This fellowship will involve close and sustained engagement with both the academic and industrial marine energy communities, internationally as well as within the UK. Academic engagement will be achieved through traditional publication means, journal articles, international conferences and workshops, as well as active participation in academic networks in the UK, such as UKCMER, and in international academic collaborations such as existing Oxford-China connections with Harbin Engineering and Shanghai Jiaotong Universities, as well as new international partnerships. The PI and the Oxford group have strong relationships, through on-going joint projects, with some of the leading tidal energy manufacturers, e.g. Atlantis, as well as with utility companies E.On and EdF. These collaborators will be invited to form a project advisory panel that will meet biannually. The role of the advisory panel will be to help inform future project directions to ensure industrial relevance, and also to act as an additional dissemination route for project outputs.

Publications

10 25 50
 
Description Using this award we have developed design methods for high performance tidal stream rotors for renewable energy generation. We have used these methods to develop tidal rotor designs that we have then tested both computationally and experimentally at large scale (1/7th) in large facilities. The results indicate that we have designed significant performance advantages into our rotors through the use of our multi-rotor constructive interference design techniques, which are a design method pioneered by the Oxford Tidal Energy group. The significant performance advantages that we have demonstrated will have an impact on reducing the Levelized Cost of Energy of future tidal energy systems.
Exploitation Route The design methods and rotor designs that we have developed will be of significant use to the tidal energy industry as they seek to reduce the Levelized Cost of Energy (LCoE) of future tidal energy systems. Significant reductions in LCoE are required to make tidal energy commercially viable. Using the techniques we have developed LCoE of future systems can be reduced both through improved design leading to greater energy yield, and also through improved modelling techniques with improved prediction fidelity that will lead to better and thus cheaper engineering design. The outputs of the research will be of benefit to the wider academic community through the development, presentation and demonstration of new physics.
Sectors Energy

 
Description EPSRC Centre for Doctoral Training in Wind and Marine Energy Systems and Structures
Amount £6,423,728 (GBP)
Funding ID EP/S023801/1 
Organisation Engineering and Physical Sciences Research Council (EPSRC) 
Sector Public
Country United Kingdom
Start 04/2019 
End 09/2027
 
Description Supergen ORE hub 2018
Amount £5,097,482 (GBP)
Funding ID EP/S000747/1 
Organisation Engineering and Physical Sciences Research Council (EPSRC) 
Sector Public
Country United Kingdom
Start 07/2018 
End 06/2022
 
Description Atlantis Resources - Tidal environment guidance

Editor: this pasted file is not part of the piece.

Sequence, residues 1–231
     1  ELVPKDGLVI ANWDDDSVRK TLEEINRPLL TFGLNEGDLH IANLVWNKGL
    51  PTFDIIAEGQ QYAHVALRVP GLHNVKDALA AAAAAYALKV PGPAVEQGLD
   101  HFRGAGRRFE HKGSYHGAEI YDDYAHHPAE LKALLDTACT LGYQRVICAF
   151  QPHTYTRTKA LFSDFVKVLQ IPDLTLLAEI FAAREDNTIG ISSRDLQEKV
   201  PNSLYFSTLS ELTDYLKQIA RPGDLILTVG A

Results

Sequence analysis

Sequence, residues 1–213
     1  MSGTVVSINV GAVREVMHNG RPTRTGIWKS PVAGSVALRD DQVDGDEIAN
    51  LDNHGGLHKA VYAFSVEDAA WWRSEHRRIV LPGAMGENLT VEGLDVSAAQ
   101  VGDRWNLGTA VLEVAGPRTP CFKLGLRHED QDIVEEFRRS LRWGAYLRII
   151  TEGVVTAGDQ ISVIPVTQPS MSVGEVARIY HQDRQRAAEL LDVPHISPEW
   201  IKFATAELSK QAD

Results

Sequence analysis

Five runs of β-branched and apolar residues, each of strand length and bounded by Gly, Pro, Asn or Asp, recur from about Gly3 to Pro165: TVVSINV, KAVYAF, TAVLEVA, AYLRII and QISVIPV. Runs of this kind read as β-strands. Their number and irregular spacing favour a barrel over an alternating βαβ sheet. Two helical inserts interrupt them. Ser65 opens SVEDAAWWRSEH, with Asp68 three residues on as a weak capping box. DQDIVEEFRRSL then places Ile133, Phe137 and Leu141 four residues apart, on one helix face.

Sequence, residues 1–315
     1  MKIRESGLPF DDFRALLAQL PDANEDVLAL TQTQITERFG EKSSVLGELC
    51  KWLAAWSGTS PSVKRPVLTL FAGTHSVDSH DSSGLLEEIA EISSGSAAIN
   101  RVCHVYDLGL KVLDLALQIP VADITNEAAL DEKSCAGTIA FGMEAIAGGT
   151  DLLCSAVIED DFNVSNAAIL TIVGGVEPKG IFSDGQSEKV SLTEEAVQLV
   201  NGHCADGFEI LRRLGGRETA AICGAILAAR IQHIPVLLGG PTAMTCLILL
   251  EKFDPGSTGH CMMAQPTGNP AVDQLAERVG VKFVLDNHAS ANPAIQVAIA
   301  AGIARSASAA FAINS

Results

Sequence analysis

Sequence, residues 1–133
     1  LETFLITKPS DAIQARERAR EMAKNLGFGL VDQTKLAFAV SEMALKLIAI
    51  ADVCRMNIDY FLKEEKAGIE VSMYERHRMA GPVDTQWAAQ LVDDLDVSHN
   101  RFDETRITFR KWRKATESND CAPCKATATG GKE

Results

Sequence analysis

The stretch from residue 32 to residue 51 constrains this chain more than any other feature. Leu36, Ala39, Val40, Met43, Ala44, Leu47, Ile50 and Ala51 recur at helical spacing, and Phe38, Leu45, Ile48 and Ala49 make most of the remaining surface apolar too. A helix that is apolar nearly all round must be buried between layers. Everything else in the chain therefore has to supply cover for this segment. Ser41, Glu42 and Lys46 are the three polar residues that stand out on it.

Organisation Atlantis Resources Ltd
Country United Kingdom 
Sector Private 
PI Contribution We have discussed tidal rotor performance outputs and their relevance to proposed tidal installation environments with Atlantis Resources.
Collaborator Contribution Atlantis resources have discussed aspects of tidal turbine siting and in-situ operating conditions with us. This has provided background information that has informed our on-going research.
Impact On-going collaboration, with first results from collaboration submitted for publication.
Start Year 2017
 
Description Harbin Collaboration 
Organisation College of Shipbuilding Engineering
Country China 
Sector Academic/University 
PI Contribution Provision of loading data for tidal turbines operating in sheared currents with and without free surface waves
Collaborator Contribution Development of floating platform systems to support the tidal rotor designs provided by Oxford.
Impact Floating multi-rotor turbine system design
Start Year 2014
 
Description Oxford Tidal Energy Workshop 
Form Of Engagement Activity Participation in an activity, workshop or similar
Part Of Official Scheme? No
Geographic Reach International
Primary Audience Postgraduate students
Results and Impact This is an annual workshop that has been running since 2012, although only part supported by EPSRC from 2018 (for 5 years until 2022). The workshop is open access and attracts between 60-90 researchers each year, postgraduates, academics and industrial participants, from around the UK and from further afield; past international attendees have included from France, Italy, USA, Canada, Australia, China. The purpose of the workshop is to provide a technical forum in which to discuss cutting edge research and to support post graduate students in making early career presentations. The workshop is enthusiastically supported and has rapidly become the UK's leading technical meeting in this area of research.
Year(s) Of Engagement Activity 2018,2019
URL https://www.eng.ox.ac.uk/events/7th-oxford-tidal-energy-workshop/
 
Description Public Lecture on Tidal Stream Energy 
Form Of Engagement Activity Participation in an activity, workshop or similar
Part Of Official Scheme? No
Geographic Reach International
Primary Audience Professional Practitioners
Results and Impact Talk on Tidal Stream Energy and research developments for the "Offshore Engineering Society" (society within the Institute of Civil Engineers).
Year(s) Of Engagement Activity 2021